Frazao J, Coburn JW
Symptomatic hypercalcemia in a diabetic patient undergoing
CAPD: Value of bone biopsy in the diagnosis and management
Am J Kidney Dis
(Nov) 26:831-835 1995
At a time when PTH levels are being extensively used to predict
what type of metabolic bone disease may be present in dialysis
patients, this illustrative case report sounds a note of caution.
The case is that of a 68 year old black dialysis patient who was
being managed on CAPD. He was suffering from dry gangrene of a
toe, and was lethargic and slightly forgetful. White count was
increased. Serum calcium was 10.1 mg/dl and albumin was 1.9
g/dL. He had recurrent sepsis due to gangrene of his feet and
toes. Serum calcium increased to 11.9 mg/dl. Because of low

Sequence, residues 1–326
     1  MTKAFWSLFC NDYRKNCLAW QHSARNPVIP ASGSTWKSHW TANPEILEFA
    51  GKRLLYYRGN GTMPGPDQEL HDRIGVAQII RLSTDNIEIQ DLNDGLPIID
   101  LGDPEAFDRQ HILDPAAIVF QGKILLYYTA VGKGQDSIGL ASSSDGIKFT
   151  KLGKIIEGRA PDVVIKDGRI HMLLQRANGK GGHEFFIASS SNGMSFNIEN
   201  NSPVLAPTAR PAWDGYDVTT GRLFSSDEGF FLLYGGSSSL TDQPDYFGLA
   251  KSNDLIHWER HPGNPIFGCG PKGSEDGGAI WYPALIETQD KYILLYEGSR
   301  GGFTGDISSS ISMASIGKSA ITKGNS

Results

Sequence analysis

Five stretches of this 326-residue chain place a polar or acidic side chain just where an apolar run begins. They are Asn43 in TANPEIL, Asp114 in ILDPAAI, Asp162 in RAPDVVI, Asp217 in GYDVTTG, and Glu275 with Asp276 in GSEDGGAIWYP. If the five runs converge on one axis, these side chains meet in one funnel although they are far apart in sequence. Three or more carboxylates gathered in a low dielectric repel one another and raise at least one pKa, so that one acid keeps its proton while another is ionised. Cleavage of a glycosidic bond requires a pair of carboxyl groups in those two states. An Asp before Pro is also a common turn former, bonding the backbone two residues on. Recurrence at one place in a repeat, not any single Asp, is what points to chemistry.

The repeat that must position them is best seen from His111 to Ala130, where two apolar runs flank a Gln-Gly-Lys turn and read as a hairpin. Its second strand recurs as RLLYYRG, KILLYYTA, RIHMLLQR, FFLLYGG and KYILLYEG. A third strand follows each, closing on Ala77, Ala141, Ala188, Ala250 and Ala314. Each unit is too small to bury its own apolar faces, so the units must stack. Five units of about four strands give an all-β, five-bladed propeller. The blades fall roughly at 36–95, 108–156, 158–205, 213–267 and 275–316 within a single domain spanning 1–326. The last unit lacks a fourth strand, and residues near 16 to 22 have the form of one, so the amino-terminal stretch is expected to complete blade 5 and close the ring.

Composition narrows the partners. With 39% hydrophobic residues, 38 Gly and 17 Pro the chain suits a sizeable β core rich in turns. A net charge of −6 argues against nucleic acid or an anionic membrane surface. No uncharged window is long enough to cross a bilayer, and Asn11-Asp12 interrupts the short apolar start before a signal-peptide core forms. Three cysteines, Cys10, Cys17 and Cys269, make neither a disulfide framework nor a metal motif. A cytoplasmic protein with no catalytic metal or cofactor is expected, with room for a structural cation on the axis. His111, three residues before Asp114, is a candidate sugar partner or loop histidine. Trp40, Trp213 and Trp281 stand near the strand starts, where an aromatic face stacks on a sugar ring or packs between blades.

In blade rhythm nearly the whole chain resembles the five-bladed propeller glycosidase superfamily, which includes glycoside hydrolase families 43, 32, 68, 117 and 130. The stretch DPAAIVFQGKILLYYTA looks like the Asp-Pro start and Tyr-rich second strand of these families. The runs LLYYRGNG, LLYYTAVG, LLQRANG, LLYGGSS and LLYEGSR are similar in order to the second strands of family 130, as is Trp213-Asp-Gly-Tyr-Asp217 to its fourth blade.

serum albumin corrected calcium was as high as 14.5 mg/dl. The
hypercalcemia failed to respond to lowering of PD calcium from
3.5 to 2.5 mEq/L. The IRMA PTH level was only 187 pg/ml,
suggesting that hyperparathyroidism was an unlikely cause of his
hypercalcemia. Serum aluminum levels were modest, 41 ng/dl.
The gist of the case is, that the patient underwent bone biopsy
and was found to have severe osteitis fibrosa cystica. The low
IRMA PTH levels were thought to be due to suppression of PTH from
high baseline levels due to the hypercalcemia. The lesson
presented is, that sometimes bone biopsy is indeed necessary to
make a diagnosis in cases of unexplained hypercalcemia.
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